For chicken connoisseurs, these are exciting times. First there was the southern-fried craze of the aughts, then came the NoMad’s great Gallic gift to the poultry-loving populace—a $79 clucker effectively basted with foie gras and black truffles and presented tableside for inspection before being shuttled back to the kitchen for carving. Now the rotisserie chicken—that familiar totem of supermarket deli cases and countless takeout chains—has gained new prestige, showing up on the slowly spinning spits of stylish new restaurants and soigné food markets all over town. (Last summer, Daniel Boulud’s longtime girl Friday, Georgette Farkas, stepped down from her prominent post to open Rotisserie Georgette this fall.) This development should come as no surprise to fans of the cooking technique (and they are legion, from card-carrying Costco members to devotees of the Peruvian and Dominican chickens that have long dominated the category, and even to those clinging to cherished memories of bygone birds from spit masters like El Pollo and D’Artagnan). After all, the rotisserie may be the ideal apparatus for solving the anatomical puzzle of the chicken, with its vexingly hard-to-synchronize white and dark meat. And let’s not underestimate the visual appeal of the setup, a drool-inducing sight guaranteed to spark a primitive excitement in any sentient carnivore. One defining aspect of today’s trend is a welcome attempt to source higher-quality specimens—less-processed, free-roaming, grass-gobbling, dust-bathing, well-contented chickens—which tend to taste a lot better than the mass-market variety. To find the best, we sampled a dozen and a half newish arrivals, from Lafayette’s Lancaster County, Pennsylvania, bird to Pok Pok Ny’s poussin, and rated them on appearance, aroma, flavor, and texture. Here, our top eight.
4/4 = Extraordinary
3/4 = Excellent
2/4 = Very Good
1/4 = Good
Dickson’s Farmstand Meats
A remarkably fresh, highly seasoned three-pounder with a strong chicken flavor and a superb saltiness, plus the juiciest breast meat we tried. If not for a less-than-ideal crispness (most likely the result of undue steaming in the thermal takeout bag), the score would be even higher.
$9 for a half chicken; $16 for a whole. At Chelsea Market, 75 Ninth Ave., at 15th St.; 212-242-2630.
Great uniform color and a delicately crisp skin distinguish the chicken at Eataly’s bustling Rosticceria station. The dark meat is super-moist and delicious, and the breast adequately juicy—all in all, it’s a fragrant, well-seasoned bird with a big, round flavor.
$5.80 per pound. 200 Fifth Ave., at 23rd St.; 646-398-5100.
It’s nearly impossible to be seated within eyeshot of the deluxe-model Rotisol rotisserie and not fall prey to Andrew Carmellini’s Pavlovian schemes by ordering the chicken for two. Not that you’ll regret it. The minimally seasoned meat is perfectly tender, with a proper hint of chew, and the expertly browned skin as crisp as you could wish for.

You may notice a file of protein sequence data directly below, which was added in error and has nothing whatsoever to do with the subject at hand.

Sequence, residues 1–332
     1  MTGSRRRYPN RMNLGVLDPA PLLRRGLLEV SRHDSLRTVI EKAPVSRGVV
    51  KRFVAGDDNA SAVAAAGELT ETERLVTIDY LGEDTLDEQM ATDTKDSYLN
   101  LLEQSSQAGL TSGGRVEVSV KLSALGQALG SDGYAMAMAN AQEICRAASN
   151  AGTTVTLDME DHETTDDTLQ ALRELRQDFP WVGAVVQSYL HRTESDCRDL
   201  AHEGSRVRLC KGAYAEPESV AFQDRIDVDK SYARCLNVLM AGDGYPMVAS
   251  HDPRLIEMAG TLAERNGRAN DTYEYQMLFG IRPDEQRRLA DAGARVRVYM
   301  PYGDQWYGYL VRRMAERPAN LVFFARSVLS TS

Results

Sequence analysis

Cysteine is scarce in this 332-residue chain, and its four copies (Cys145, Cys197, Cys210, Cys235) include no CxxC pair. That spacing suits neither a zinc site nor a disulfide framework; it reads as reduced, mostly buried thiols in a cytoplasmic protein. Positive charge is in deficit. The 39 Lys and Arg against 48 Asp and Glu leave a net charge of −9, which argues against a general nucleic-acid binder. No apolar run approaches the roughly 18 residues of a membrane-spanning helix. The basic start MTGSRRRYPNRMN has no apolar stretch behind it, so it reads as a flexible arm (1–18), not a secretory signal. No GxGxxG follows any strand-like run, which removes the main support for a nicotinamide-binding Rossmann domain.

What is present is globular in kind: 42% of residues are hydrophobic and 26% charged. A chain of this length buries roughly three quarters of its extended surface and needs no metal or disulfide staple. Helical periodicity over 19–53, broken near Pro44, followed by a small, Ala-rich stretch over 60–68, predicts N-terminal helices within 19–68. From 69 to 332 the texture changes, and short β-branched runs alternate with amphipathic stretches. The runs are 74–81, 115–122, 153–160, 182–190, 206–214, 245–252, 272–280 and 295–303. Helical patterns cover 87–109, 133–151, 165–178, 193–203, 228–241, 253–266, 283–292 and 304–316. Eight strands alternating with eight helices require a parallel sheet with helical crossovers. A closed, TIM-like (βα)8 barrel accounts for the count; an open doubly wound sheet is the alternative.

$44, including roasted potatoes; dine-in only. 380 Lafayette St., at Great Jones St.; 212-533-3000.
Chef Roxanne Spruance brines her chickens for twelve hours, loosens their skins and airs them out in the walk-in for another dozen, then shoves them unadorned onto the Rotisol. The result is a plump and juicy bird with a pure, unadulterated chicken flavor and nice crispness.
$32 for a whole chicken to go with two sides, bread, and dessert; place same-day orders by noon. 15 W. 18th St., nr. Fifth Ave.; 212-366-1818.
Pok Pok Ny
They roast these fish-sauced, lemongrass-stuffed baby chickens gyro-style on vertical skewers ten at a time over Malaysian charcoal. If there’s a rotisserie poussin more exotically delicious than the one at Pok Pok Ny, we do not know it.
$11.95 for a half chicken; $19.95 for a whole; dine-in only. 127 Columbia St., nr. Kane St., Columbia Street Waterfront District; 718-923-9322.
The key to this succulent hen isn’t the eight-hour saltwater plunge that plumps up the meat like a Ball Park frank, or the subsequent 48-hour air bath that ensures a crisp skin, or even the pre-roast butter massage, which, needless to say, adds flavor. No, it’s twirling the thing over a hardwood fire, imparting a subtle smokiness that makes all the difference.
$20 for a half chicken, plus a seasonal side; dine-in only. 788 Franklin Ave., at Lincoln Pl., Crown Heights; 718-622-0249.
Aggressively seasoned with garlic, sage, salt, pepper, onion powder, and paprika, the Fleisher’s model is practically Cajun in its views regarding the spice rack. Even so, the flavor is well balanced, the breast meat as juicy as an August peach, and the drumsticks and thighs pleasantly firm.
$18 for a whole chicken. 192 Fifth Ave., nr. Berkeley Pl., Park Slope; 718-398-6666.
Bar Corvo’s comfort-food spinoff makes its organic birds available after 2 p.m.; you’ll find them in the display case, trussed and golden with a dash of smoked paprika and possessing an overtly salty flavor. What the skin lacks in crispness, the meat makes up for in juiciness. The upshot: a very chickeny chicken of the deli-rotisserie old school.
$4.49 per pound. 409 Lincoln Pl., nr. Washington Ave., Crown Heights; 718-399-2211.
*This article originally appeared in the May 6, 2013 issue of New York Magazine.